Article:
Ruth first started using ‘hotter’, it might have matched too many relations to have a specific environmental content. After the first three rooms, her comparisons might have equally matched differences in temperature, altitude, and volume. But after enough comparisons, her comparisons might have matched differences in temperature better than any of these other differences. I think Miriam’s situation has a similar structure. When Miriam first perceives an object as yellower than another, her perceptions won’t match any particular relation, so she won’t perceive any particular relation. But over time, her perceptions will match some relations better than others. It might be helpful to think of Miriam’s perceptions as involving a like yellower. When her perceptions first involve this symbol, she doesn’t perceive any particular relation. Her perceptions are like sentences that contain uninterpreted symbols. But over time, yellower starts to represent a more and more specific relation, and that’s what she perceives. Thus, when structuralists describe Miriam as perceiving the lemon as yellower than the lime, they’re not saying that she’s perceiving the same relation that she perceived in the past, or would perceive in another possible world. They’re saying that she’s perceiving whatever relation is currently best matched by her symbol yellower. I think it helps to keep in mind that Miriam’s perceptions are the result of hardwired processes that are insensitive to whether symbols such as yellower are environmentally contentful. Thanks to these processes, Miriam automatically perceives lemons as yellower than other objects, even if her perceptions have yet to acquire a specific environmental content. At least in principle, she can sort yellow from green objects the moment she first opens her eyes; she can perceive that there is a difference without perceiving any specific difference. There’s also no limit to the number or complexity of these symbols, and thus no limit to the dimensions along which objects could be sorted. It’s just that she won’t perceive any particular difference between those objects until she’s sorted enough objects. Structuralists can insist that perception is a gradual achievement without thinking of our initial perceptions as too simple to guide complex sorting behavior. Analogously, we’re hardwired to sort faces, and there might be innate symbols like face-29. But these symbols don’t have innate meaning. They become contentful only after they’ve been activated by actual faces, because until that happens you can’t use these symbols to recognize any particular faces (“her again”). So far, I haven’t said very much about Miriam’s phenomenal characters. I think that, as Miriam perceives increasingly specific relations, the environmental con- tent of her phenomenal characters become more specific as well. In particular, at each moment the environmental content of Miriam’s total phenomenal character includes all the comparisons it elicits. The environmental contents of individual phenomenal characters, such as phenomenal-pure-yellow, are derivative. There’s a lot more to say about this issue. However, for the purposes of this paper, I just want to emphasize that the environmental contents of Miriam’s phenomenal characters gradually become more specific, along with the relations she’s perceiving. This approach to perception is indebted to Ramsey’s, Carnap’s, and Lewis’s ap- proach to theoretical identifications (see Lewis 1970). But there are also differences. Perceptual Variation and Structuralism 315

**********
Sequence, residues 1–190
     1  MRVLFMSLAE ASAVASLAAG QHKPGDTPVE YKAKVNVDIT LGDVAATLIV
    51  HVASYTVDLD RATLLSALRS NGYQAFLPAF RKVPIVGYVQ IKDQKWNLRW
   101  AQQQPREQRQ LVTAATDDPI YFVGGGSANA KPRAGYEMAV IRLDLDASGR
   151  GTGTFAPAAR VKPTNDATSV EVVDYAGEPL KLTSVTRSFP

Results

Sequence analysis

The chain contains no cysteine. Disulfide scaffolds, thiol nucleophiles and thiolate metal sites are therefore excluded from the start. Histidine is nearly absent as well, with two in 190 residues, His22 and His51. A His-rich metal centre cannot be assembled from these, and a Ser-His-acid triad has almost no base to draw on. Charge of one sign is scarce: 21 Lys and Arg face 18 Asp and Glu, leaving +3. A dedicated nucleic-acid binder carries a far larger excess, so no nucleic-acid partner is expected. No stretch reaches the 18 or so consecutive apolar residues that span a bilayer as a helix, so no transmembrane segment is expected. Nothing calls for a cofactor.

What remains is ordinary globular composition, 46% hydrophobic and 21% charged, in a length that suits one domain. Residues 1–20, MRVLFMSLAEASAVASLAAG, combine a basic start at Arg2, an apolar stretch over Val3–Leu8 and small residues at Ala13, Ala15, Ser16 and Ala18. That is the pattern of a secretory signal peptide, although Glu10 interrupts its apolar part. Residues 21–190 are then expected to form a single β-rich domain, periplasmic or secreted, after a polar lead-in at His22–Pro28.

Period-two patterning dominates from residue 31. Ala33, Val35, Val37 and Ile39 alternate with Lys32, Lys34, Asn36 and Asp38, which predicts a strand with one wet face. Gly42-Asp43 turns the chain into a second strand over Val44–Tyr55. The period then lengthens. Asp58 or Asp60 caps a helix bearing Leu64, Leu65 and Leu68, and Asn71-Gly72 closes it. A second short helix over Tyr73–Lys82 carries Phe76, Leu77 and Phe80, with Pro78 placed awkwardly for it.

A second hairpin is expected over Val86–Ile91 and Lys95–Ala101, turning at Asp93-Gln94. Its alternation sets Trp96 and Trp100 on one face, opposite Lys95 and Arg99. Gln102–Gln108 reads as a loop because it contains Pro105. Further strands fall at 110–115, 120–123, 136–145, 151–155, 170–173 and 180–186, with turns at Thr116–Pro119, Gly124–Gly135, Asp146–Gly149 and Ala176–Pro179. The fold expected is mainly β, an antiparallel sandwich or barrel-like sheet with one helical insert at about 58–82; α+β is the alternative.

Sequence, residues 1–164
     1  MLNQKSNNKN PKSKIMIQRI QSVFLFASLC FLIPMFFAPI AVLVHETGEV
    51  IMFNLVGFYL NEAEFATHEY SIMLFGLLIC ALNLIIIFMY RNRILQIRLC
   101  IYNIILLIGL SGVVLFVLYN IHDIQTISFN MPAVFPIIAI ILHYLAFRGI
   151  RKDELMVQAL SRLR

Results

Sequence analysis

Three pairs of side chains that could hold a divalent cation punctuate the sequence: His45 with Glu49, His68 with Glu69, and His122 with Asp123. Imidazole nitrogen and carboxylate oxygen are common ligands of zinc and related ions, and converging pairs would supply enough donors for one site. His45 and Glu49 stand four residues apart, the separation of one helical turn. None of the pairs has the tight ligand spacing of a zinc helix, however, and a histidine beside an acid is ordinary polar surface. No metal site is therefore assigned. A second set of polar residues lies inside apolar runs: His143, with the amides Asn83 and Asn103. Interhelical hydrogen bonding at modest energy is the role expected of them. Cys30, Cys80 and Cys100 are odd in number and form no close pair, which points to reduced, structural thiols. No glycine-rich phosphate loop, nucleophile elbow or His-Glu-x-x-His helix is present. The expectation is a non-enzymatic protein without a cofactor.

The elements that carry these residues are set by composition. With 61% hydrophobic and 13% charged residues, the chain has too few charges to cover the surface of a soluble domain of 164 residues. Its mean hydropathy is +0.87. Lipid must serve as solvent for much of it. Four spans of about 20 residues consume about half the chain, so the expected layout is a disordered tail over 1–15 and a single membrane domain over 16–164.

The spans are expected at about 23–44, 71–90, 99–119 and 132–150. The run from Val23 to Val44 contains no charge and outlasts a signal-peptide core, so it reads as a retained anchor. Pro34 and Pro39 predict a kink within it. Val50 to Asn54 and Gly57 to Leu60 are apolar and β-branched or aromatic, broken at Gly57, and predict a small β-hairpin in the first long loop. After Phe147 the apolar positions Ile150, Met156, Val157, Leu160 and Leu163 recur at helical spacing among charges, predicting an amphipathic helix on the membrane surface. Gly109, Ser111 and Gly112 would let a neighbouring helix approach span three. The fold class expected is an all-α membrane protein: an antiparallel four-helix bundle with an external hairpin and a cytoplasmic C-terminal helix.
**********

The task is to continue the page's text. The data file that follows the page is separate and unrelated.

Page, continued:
To start, the concatenation of all of Miriam’s perceptions isn’t a theory,atleastin the sense that chemistry, economics, and folk provide us with theories. It isn’t predicative, explanatory, or universal. Relatedly, the concatenation of all of Miriam’s perceptions doesn’t include any causal or functional relations. It just in- cludes relations such as yellower, greener, the same as, darker than, etc. Finally, the concatenation of all of Miriam’s perceptions grows over time, whereas the theories Ramsey, Carnap, and Lewis have in mind are much more stable.9 Structuralism has a number of advantages. Of particular interest, it doesn’t push us to designate any contexts as “normal” or “ideal,” because all Miriam’s past perceptions are taken into account. It also doesn’t push us to designate any observers as “normal” or “ideal,” because only Miriam’s past perceptions are taken into account. This is one of the reasons why structuralism doesn’t commit us to ignorance about which contexts and observers are relevant. Moreover, by focusing on the past perceptions of each observer, structuralists are better able to explain how different observers, such as Miriam and Aaron, can accurately perceive the same object. I’ll return to this point in subsection 7.

6.5 Light Like structuralism itself, the approach we just considered is officially neutral about the of color. If you think that objects have primitive, non-physical color properties, you’ll think that Miriam perceives similarities and differences involving those properties, because they’re the best match. For reasons that go beyond the scope of this paper, I don’t think that objects have primitive, non- physical properties, and therefore I don’t think Miriam perceives similarities and differences involving them. Instead, I think she perceives similarities and differences in how objects reflect light (i.e., wavelengths roughly between 400nm and 700nm). I’ll therefore develop structuralism along these lines. But nothing will ultimately depend on this metaphysical assumption, at least with respect to the challenge of perceptual variation.10 Some scientific background might be helpful. Objects reflect different propor- tions of light at different wavelengths. Here are two possible ways that objects might reflect light: